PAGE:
Instant Fun, Squared.

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Hybrid vs. Analog.

I participated in a NAPfS photowalk on Tuesday, an early evening stroll through an older part of Pflugerville, TX. Well attended, it was a nice gathering with about 15-16 peeps. I had a great time.

I brought along 3 cameras… my trusty Panasonic Lumix DMC-LX100, the Fujifilm SQ10, and a new Fuji Instax camera, the Fujifilm Instax SQ6.

The SQ6 uses the Fuji square film. It’s totally analog, unlike the hybrid SQ10. You point, shoot, and a picture pops out. What you shot is what you print. Immediately!

The SQ6 has an Auto mode, a ‘selfie’ mode, macro and landscape settings, the ability to lighten and darken, and it’ll shoot double exposures. You can turn off and on the flash – plus included in the box are green, red, and purple colored plastic filters that fit snugly over the decent sized protruding flash located at the top left corner on the face of the camera.

It was my first pack of film in the SQ6, and that’s the camera I started out with for the stroll.

I had only read through the manual a couple of times, so I was familiar enough to do some damage! The 10 pictures I made with the SQ6 turned out decent enough. I like the mystery of not knowing what’s going to emerge.

Solid purchase.

SPECS | Fujifilm Instax SQ10 + Fujifilm Instax Square Instant Film & Fujifilm Instax SQ6 + Fujifilm Instax Square Instant Film

After I emptied the SQ6 of its 10 images I broke out the SQ10, which is a lot more predictable. I like being able to shoot manually and print later. And that’s what I did. I just shot a bunch of pictures and when the group wound its way back to the coffee shop, I opened a box of film and stuck it in the camera.

I was able to be selective about which pictures I printed, and that’s something about the SQ10 that makes it work for me.

I like and will use both cameras, but the SQ10 just edges out the SQ6 in coolness. Now, I’m hoping Fujifilm produces square black and white film for the SQ6. That’d be awesome.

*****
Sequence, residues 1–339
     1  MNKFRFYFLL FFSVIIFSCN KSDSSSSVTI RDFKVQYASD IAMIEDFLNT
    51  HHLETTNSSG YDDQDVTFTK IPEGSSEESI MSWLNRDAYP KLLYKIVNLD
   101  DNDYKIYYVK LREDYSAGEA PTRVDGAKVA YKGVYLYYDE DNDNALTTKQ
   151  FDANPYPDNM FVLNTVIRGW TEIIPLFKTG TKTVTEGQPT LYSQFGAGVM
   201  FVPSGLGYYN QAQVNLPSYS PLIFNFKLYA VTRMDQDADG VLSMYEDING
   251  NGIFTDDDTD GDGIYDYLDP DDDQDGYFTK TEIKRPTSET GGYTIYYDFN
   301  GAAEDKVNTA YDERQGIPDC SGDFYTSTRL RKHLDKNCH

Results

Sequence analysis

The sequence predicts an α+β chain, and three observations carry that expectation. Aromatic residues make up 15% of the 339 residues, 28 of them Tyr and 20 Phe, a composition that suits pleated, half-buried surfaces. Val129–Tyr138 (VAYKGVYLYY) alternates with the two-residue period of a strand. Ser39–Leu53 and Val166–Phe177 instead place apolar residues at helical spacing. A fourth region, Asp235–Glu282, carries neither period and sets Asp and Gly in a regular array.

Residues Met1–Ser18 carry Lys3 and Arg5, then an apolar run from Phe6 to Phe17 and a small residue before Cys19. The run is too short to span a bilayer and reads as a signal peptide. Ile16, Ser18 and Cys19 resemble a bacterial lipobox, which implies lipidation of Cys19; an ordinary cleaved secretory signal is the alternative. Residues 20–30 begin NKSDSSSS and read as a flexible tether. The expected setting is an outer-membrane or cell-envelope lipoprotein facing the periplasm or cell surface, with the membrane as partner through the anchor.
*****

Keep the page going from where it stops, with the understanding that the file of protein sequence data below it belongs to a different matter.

Here are 10 pictures, the 5 in the left column were made with the SQ10, the 5 in the right the SQ6.

 

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Dead Bumble Bee.

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A lesson in observation.

I was out working in the studio and got up to go check for a package on the front porch. As I walked across the driveway I noticed this black spot on the sidewalk.

We’d had a little bit of rain lately, and I’m wondering if maybe that’s what caused this poor little guy’s demise.

There wasn’t a package at the door, so I turned back and went in the house and got my clip-on macro lens for the iPhone. I unscrewed the stock macro/wide-angle lens from the clip and twisted on 4 – 37mm diopters a +10, +4, +2, and a +1.

There’s a bunch of paper scraps on my work table and I was able to fish out a piece of black art board to use as a background, and as a scoop to pick the bee up from the concrete walkway.

I moved my art stool out of the garage to the top of the driveway, placed the art board with the bee on the stool, and fired up the Blackie App.

It took a few attempts to get the focus the way I wanted, using natural light from the cloudy skies.

The detail in the wings is my favorite part.